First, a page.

Don't strike the wrong note with musical antiques

This music box is actually a rare miniature organ by J.N.Draper
This music box is actually a rare miniature organ by J.N.Draper
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Our antiques expert, Allan Blackburn, takes a look at memorabilia from the world of music...

I hope you enjoyed Valentine’s Day last week and were treated to something special by a loved one (or secret admirer). They say if music be the food of love…play on, so this week’s collectables are two gorgeous musical items.

Since the first primitive horns, music has been a part of our lives and, despite the developments in modern music technology, there is still nothing like the sound of the real thing.

However, collecting old, musical pieces can be full of pitfalls for the novice – if you don’t know anything about music, you’re very likely to strike the wrong note!

The most common musical instruments in antiques centres and shops are upright pianos. Derived from the harpsichord, pianos first appeared at the very beginning of the 18th Century.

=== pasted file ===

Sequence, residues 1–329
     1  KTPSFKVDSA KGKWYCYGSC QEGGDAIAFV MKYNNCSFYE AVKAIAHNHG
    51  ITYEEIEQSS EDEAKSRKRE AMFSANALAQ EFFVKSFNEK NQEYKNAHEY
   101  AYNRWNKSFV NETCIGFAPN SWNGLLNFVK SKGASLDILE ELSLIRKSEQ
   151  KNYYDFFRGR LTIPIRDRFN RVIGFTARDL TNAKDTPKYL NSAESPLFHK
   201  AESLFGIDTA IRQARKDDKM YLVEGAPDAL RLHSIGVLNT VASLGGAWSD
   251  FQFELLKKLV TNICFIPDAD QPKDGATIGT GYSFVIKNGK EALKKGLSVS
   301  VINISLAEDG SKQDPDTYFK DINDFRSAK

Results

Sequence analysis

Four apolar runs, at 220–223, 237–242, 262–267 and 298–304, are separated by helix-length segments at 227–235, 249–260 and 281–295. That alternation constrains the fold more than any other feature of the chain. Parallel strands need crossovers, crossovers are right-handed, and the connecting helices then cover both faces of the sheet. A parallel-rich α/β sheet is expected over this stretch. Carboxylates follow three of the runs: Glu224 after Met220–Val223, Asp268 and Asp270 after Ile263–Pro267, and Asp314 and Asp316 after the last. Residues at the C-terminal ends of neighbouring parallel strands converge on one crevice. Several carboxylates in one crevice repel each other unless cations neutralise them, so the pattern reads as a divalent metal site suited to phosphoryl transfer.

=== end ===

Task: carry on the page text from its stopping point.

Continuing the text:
By the 19th Century, they were popular home instruments and young ladies were expected to be accomplished players. An old piano is highly likely to need retuning, so expect to add something to the purchase price. Upright pianos are available for as little as £100.

A more space-saving pastime would be collecting music boxes. There are lots of these available and some, like this one, are really striking. It is on sale for £495. Slightly more affordable is this beautiful metronome, which is on sale for £95.

The metronome is used by musicians to help keep a steady tempo. For the player it gives a clear sense of timing and speed, and for composers an indication of the intended tempo for the piece. Producing regular clicks, some metronomes, like this one, include a synchronised visual motion, like a pendulum swing.

Initially called a ‘chronometer’, the metronome has its origins in the late 16th Century when Galileo observed the consistency of pendulum swings. This eventually led to Etienne Loulié’s first adjustable chronometer in 1696.

However, it was silent, meaning musicians had to watch the pendulum like a conductor’s baton– not terribly practical. The first mechanical metronome, with its iconic ‘tick’, was invented by Dietrich Nikolaus Winkel in Amsterdam in 1814, but not patented until Johann Maelzel added the familiar scale in 1815.

In a time when you can get metronome ‘apps’ for your smartphone, I think the elegant engineering of a beautiful rosewood metronome, is very hard to, shall we say, ‘beat’.